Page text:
The Hardcore Flat Minnow, Yo-Zuri 3DB Shad, and 3DS Mid-Crank are my most trusted arsenal this time of year. I always try to fish areas that have a rock bottom or have close relating rip-rap around them; throw in some brush to the mix and you have pot of gold sitting in front of you. Generally the water temperatures are anywhere between 48-53 degrees here in the state of Alabama. When temperatures are this cold largemouth are usually not very aggressive but they have to eat to stay warm. My favorite bait is the 3DS Mid-Crank in a shad or crawfish pattern, I’ll always have the fish tell me what they want. This is a great bait when targeting fish in 4-8 feet of water. I generally throw this bait on 10lb Yo-Zuri TopKnot mainline fluorocarbon and use just a slow steady retrieve to the boat. The key here it to have the bait bumping the bottom since the fish usually are not high in the water column. On slick sunny days I have caught some of my biggest winter time bags on the 3DB shad. I love throwing this little bait because I can use light spinning tackle and catch everything from 12 inchers all the way to 6 pounders. Make sure your using a long fast action spinning rod with a high quality spinning reel that has a good drag system. For this technique I will use a 15lb Yo-Zuri SuperBraid with a 8lb Yo-Zuri TopKnot Mainline Fluorocarbon leader. The Hardcore Flat minnow is just tried and true bait any time the water is cold. It always catches a few more fish for me throughout the day because it resembles a dying bait fish and will be an easier meal for the fish.
When trying to locate good areas of the lake to fish try to keep in mind where the warmest water will be. Generally the areas with darker water color or middle sections of the lake with the deepest water are a safe bet. You will almost always find my boat up a river where the water is dirtier and warmer or fishing down the bank of rip rap in the middle sections of the lake where there is deep water relating.
Always trust in Yo-Zuri and happy fishing!!!
The Yo-Zuri Rattl’n Vibe is a great bait that can be utilized all year-round, however it really shines when you are needing a reaction bite to catch finicky fish. It is also a great baitfish imitator and can work is several different applications.
As soon as the water temps begin to drop in late summer, and the fall transition begins, I tie on the Rattl’n Vibe. This is the time of year when the bass will really begin to concentrate on shad. Any shad imitating color, such as, Metallic Bleeding Shad, or Blue Chrome. (which ever color best represents the bait in your lake) will work best. I will continue to use the shad colors until late fall/ early winter. Once the water temps start to get around or below 60 degrees, the shad will begin to get less and less active. This is when I will switch to a red/ crawfish color. I will stick with the crawfish colors all the way through winter and into the early stages of the spawn. When the water really begins to warm up and the females begin to get on beds, I will switch to a bluegill/ perch color. The fish will be protecting their beds and fry from the perch and will be aggressive.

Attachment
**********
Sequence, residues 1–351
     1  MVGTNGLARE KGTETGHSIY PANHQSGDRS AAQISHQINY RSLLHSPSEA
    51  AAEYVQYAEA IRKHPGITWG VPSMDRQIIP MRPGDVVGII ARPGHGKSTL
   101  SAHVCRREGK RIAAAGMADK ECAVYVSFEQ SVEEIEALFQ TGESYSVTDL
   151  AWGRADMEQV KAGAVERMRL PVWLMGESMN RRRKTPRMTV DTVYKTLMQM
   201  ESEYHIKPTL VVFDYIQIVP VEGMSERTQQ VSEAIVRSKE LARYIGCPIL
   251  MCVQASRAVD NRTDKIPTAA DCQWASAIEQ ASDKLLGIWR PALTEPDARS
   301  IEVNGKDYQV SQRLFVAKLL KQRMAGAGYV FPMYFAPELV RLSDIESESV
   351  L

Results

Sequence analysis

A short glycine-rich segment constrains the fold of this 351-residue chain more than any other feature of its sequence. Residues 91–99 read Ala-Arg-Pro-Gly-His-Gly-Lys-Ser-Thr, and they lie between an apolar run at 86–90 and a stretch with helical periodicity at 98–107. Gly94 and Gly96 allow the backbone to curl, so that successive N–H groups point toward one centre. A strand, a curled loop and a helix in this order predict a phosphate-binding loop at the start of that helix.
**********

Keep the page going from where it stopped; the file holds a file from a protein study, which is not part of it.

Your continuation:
During the late summer/ early fall when I begin chasing shad, I will begin in the mouths of the major creeks that stem directly from the main lake. As the water temperature continues to drop the shad will continue to migrate further and further into the creeks, and you will need to follow them, by using your electronics. Most of the time these fish will suspend in the middle of the creeks instead of around the bank. Look for fish busting the surface, and don’t be scared to throw the Rattl’n Vibe over deep water. When you change to the red/ crawfish colors, I will begin to fish tighter to the cover. The crawfish will be buried under rocks and deep in vegetation. I will also concentrate on harder breaks that are close to deep water, channel swings, and points. As you make the transition to chasing spawning fish and change to your perch colors, you will have a few more options. The fish will spawn anywhere from the very back of the creeks to big main lake flats. I will move up shallow, and cover water until I find the females.
Since the Rattl’n Vibe is best used as a reaction bait, speed is key. I use a very high-speed reel, anything that is 7.1:1 or faster. I use a rod that has a fast tip to keep from pulling the treble hooks from the fish’s mouth. If you are fishing heavy vegetation you will need a rod with a little heavier backbone, so you can rip the bait free of debris. Make long casts and a very speedy retrieve. Keep your rod tip pointed at the bait to keep it from rolling sideways. You will also need to adjust the height of your rod tip according to the desired depth you want the bait to run. If you are fishing heavy vegetation, you want the bait to skim just above the top of the vegetation bumping it on occasion. If your bait begins to bury up, a swift jerk of the rod( almost like a hook-set) will free the bait. If you are staying buried up, you may need to switch to a smaller size bait or raise your rod tip.
CHUNK- CRANK FAST- HANG ON